Create a Basic Reactor Script

After seeing some complete examples of simple Reactor scripts, in this section we will walk through the process of creating one from scratch to achieve a specific purpose - tracking the locations and quantities of scans on Thngs made using their QR codes. This is a good example of manipulating related Platform resources in reaction to some other event, which is one of the most common use-cases of a Reactor script.

This script will take the form of the previously discussed single file pattern, since it will be quite short and self-contained. All the information required to carry out this task is included in each action, provided that a Thng was the target.

Two of the available event types will be used:

  • onActionCreated() - On each scan, count total scans and accumulate cities for the target Thng. Also add a tag to show it has been included in this scenario.
  • onScheduledEvent() - Find all tagged Thngs, and reset the counter properties at midnight each day.

Beginning the Script

The first steps to creating a new Reactor script is to create a project, and then an application inside that project. You can do this through the Dashboard or the API directly. In this walkthrough we will be editing and uploading the script through the application resource page in the Dashboard.

With the application in place, click the ‘Edit’ pencil in the top right corner of the ‘Reactor’ section of the application page, and enter the following to begin the script:

const onActionCreated = async (event) => {
  logger.info('Action created!');
  done();
};

const onScheduledEvent = async (event) => {
  logger.info('Scheduled event!');
  done();
};

These will be the two event handler functions that will be called by the Platform in each applicable case. When a Thng’s QR code is scanned, onActionCreated() will be called. After a Reactor schedule is set up, onScheduledEvent() will be called at midnight. More about that later.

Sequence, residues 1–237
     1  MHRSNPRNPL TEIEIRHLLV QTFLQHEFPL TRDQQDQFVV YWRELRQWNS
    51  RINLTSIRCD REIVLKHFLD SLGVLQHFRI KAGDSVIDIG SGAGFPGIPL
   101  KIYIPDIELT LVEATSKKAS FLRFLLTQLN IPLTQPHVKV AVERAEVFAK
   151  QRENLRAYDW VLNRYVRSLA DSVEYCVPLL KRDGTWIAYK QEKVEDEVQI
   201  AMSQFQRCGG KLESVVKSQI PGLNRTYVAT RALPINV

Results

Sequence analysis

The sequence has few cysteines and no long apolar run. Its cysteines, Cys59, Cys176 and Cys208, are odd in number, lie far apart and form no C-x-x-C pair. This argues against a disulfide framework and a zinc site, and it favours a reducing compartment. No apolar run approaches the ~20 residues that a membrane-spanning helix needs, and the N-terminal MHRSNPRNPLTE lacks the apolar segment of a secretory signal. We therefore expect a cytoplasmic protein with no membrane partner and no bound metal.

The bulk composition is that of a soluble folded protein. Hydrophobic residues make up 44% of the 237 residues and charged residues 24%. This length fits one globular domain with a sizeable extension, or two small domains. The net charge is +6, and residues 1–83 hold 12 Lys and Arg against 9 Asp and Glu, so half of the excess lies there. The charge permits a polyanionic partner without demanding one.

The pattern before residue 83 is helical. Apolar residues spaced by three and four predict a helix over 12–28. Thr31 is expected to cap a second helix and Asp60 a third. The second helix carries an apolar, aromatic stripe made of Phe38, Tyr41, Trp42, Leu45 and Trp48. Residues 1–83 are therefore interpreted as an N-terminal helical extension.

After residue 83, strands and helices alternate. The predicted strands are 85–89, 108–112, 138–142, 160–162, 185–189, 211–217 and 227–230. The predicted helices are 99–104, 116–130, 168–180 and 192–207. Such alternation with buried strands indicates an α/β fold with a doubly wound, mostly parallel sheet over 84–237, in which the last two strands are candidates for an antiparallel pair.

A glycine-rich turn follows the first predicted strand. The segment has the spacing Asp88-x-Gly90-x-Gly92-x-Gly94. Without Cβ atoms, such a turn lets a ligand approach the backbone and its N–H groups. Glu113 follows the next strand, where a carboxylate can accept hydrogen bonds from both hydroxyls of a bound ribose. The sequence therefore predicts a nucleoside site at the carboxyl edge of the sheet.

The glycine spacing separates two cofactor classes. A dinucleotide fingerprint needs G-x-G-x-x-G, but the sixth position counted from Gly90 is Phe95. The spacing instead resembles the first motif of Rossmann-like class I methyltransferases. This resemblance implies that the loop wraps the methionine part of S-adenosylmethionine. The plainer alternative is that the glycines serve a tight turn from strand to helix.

Tracking Scans

Starting with onActionCreated(), the first step is to read the full resource for the Thng that was scanned using the ID stored in the action, in order to read its tags. With the evrythng.js SDK included in Reactor, this is straightforward:

const onActionCreated = async (event) => {
  try {
    // Read the Thng
    const thng = await app.thng(event.action.thng).read();
    logger.info(JSON.stringify(thng));
  } catch (e) {
    logger.error(e.message || e.errors[0]);
  }
  
  done();
};

At this point the script will simply read and print the Thng. The next step is to read the cities it has been scanned in (if any) from a scan_cities custom field, and add the one for this action if it is not already included:

const onActionCreated = async (event) => {
  try {
    // Read the Thng
    const thng = await app.thng(event.action.thng).read();

    // Add the city if it isn’t already there
    const scanCities = thng.properties.scan_cities || [];
    const { city } = event.action.context;
    if (!scanCities.includes(city)) {
      scanCities.push(city);
    }
  } catch (e) {
    logger.error(e.message || e.errors[0]);
  }
  
  done();
};

The final step is to update the Thng resource with this new information, and at the same time add an item to its tags. Using evrythng.jspromises and Promise.all(), this is also easy to do. Thus the final form of onActionCreated() looks like this:

const onActionCreated = async (event) => {
  try {
    // Read the Thng
    const thng = await app.thng(event.action.thng).read();
    
    // Add the city if it isn’t already there
    const scanCities = thng.properties.scan_cities || [];
    const { city } = event.action.context;
    if (!scanCities.includes(city)) {
      scanCities.push(city);
    }

    // Update the properties and add a tag
    await Promise.all([
      thng.property().update([